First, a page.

At first, I rather enjoyed Nier Replicant. Lovely music, nice visual design (rather reminiscent of Shadow of the Colossus), pleasant enough minute-to-minute gameplay, a pleasant enough mix of plot and quests. And, as it continued, I liked it more; KainĂ©’s outfit is ridiculous but I liked her character otherwise, and the quartet of your character, KainĂ©, Emil, and Weiss has a rather neat vibe of a sort that I’m not particularly used to seeing in games.

I was a little annoyed when my crops wilted because I wasn’t playing the game every day, but it turns out that the crop mechanic is basically completely optional; similarly, I wasn’t into grinding for weapons upgrades and for some of the quests, but the game was totally fine with me skipping that. (And I was happy to do the less-grindy quests.)

As I continued playing, I realized that those quests are a sign of how self-aware Nier Replicant is, and in dialogue with game history. You can see the latter in the ways in which it explicitly refers to other games: the mansion that’s clearly inspired by Resident Evil (the camera even changes), the nod to text adventures, the Zelda-ish dungeon, and it’s not so much that the game’s visual design in general is reminiscent of Shadow of the Colossus but rather that the first overworld area that you get access to is specifically an homage to that game. (Down to even having lizards that you can capture there!)


The game’s world is surprisingly compact: three overworld areas that you can run across in a minute or so, avoiding fights if you want, a few cities of tractable sizes, and a few other areas of interest. And, despite the small size and gentle nature of the overworld areas, the game gives you two separate fast travel mechanisms that you can use to avoid them!

Which I was, to be honest, kind of taken aback by at first: would it hurt the game at all if those fast travel mechanisms were removed? But the flip side is: why make the player spend more time in the overworld areas than they want to? This is related to what I said earlier about the crop mechanics, the weapon upgrades, and the sidequests: Nier Replicant is very aware of the possibility of grinding, and is also aware that grinding both has its pleasure and that it’s conventional in games to an extent that’s far beyond the benefits that grinding provides for many players. Sometimes Nier pokes fun at that, sometimes Nier gives you optionality around that; either way, the awareness is appreciated.


So, on my first trip through Nier Replicant, my attitude was pretty positive: I like the way the game is aware of the context it’s working in, I like the visual and audio design, and the gameplay is pleasant enough. I don’t think it’s as stylish as a whole as Nier: Automata was, but that’s fine, it’s good for series to grow across iterations, and certainly there’s enough there that I was glad that the game got a remake.

Subsequent trips I didn’t enjoy so much, though. The second time through had its virtues: you get to see a bit of different context as to what’s going on with backstories? But it’s also the case that a lot of what you see is a version of “Are we the baddies?”, asking that question in a way that’s not particularly well done.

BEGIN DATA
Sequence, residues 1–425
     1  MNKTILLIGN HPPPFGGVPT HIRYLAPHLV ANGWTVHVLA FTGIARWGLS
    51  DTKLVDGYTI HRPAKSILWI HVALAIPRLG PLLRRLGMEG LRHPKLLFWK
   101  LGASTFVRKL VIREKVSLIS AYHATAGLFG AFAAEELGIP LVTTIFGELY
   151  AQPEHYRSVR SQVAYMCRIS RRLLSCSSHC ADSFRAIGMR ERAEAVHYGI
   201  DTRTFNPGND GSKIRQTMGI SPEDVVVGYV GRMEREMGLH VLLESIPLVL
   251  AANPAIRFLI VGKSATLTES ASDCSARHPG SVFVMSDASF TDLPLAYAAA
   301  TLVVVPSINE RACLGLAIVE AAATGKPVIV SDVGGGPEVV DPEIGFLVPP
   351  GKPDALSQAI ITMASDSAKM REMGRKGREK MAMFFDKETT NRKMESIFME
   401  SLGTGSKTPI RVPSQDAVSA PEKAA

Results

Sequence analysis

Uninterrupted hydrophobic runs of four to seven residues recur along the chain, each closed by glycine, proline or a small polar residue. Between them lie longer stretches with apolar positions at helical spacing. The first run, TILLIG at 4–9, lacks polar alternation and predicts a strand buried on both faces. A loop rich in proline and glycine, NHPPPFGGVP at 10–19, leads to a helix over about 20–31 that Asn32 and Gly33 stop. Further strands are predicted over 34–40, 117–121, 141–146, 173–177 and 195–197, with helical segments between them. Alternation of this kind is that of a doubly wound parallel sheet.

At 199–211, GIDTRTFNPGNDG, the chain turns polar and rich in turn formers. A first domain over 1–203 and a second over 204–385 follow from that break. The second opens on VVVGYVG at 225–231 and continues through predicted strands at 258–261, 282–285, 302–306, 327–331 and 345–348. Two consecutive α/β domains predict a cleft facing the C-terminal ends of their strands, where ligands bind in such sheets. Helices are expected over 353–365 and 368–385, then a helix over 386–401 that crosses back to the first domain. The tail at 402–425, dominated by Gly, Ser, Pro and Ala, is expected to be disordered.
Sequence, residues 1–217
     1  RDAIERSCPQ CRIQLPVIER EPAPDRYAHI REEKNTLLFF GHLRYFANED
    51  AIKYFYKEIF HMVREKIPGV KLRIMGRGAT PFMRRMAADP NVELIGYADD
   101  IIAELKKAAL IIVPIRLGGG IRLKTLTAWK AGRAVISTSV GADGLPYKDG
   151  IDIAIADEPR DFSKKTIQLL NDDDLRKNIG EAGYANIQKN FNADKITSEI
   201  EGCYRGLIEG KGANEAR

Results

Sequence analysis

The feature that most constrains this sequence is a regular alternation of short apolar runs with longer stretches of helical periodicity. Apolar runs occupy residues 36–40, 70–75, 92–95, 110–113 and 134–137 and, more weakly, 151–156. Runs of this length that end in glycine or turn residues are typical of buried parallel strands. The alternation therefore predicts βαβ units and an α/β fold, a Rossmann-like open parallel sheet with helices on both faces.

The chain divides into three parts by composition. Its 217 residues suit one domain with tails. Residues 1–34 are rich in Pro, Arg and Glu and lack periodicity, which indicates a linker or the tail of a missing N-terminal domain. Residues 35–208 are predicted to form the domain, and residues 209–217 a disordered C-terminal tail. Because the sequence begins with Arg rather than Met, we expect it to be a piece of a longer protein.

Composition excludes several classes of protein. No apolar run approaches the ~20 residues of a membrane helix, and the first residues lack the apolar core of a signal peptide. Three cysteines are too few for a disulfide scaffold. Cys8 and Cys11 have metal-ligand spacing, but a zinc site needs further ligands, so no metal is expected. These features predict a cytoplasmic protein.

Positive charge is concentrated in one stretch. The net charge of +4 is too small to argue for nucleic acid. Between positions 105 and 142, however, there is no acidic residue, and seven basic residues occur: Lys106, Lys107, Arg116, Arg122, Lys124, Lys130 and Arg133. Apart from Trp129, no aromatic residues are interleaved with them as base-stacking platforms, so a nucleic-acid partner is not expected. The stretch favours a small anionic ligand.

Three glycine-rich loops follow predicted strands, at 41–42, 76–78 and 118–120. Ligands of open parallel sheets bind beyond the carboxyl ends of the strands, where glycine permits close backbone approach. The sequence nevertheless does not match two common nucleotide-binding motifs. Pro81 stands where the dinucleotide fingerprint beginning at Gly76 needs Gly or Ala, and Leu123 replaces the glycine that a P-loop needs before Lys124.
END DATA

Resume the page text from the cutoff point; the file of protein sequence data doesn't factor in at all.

I mean, yes, video games shouldn’t be so willing to uncritically / triumphantly reach to mass slaughter as their solution to every problem. But, if you’re not going to reach for that, you need to support it: to give meaningful surrounding context for your actions, and to support that context mechanically. Nier Replicant doesn’t do that: instead, it just gives you the choice of a) mass slaughter or b) stopping playing. And that’s not helpful.

And, in general, it’s a gratuitously grim game. Even in the first playthrough, a lot of the main quests and side quests hinge on sacrificing people, with nothing deep going on that I could see, just a generic message of “everything is horrible!”. And, well, okay? If that’s what you want to say, up to you, a lot of people feel the same way. But that point of view doesn’t particularly impress me.


I made it through the second ending; and then on the third and fourth endings, I was just skipping cut scenes right and left. Fortunately, the game doesn’t make you put in too much extra time to see the extra endings. And at least ending E was doing something a different? (Endings C/D were pretty much a waste, though.)

Anyways, I’m not unhappy to have played Nier Replicant: there are definitely good things going on there. It’s been three and a half years since I’ve played Nier: Automata, but I’m fairly sure that Replicant is a worse game in multiple ways than Automata; though if my memory is correct, a lot of the flaws of the earlier game are present in the later game. (The endings not really pulling their weight; the excessive nihilism.)

But also both games are, in their own way, doing something special and distinctive; I’m certainly curious as to what Yoko Taro will be up to next…

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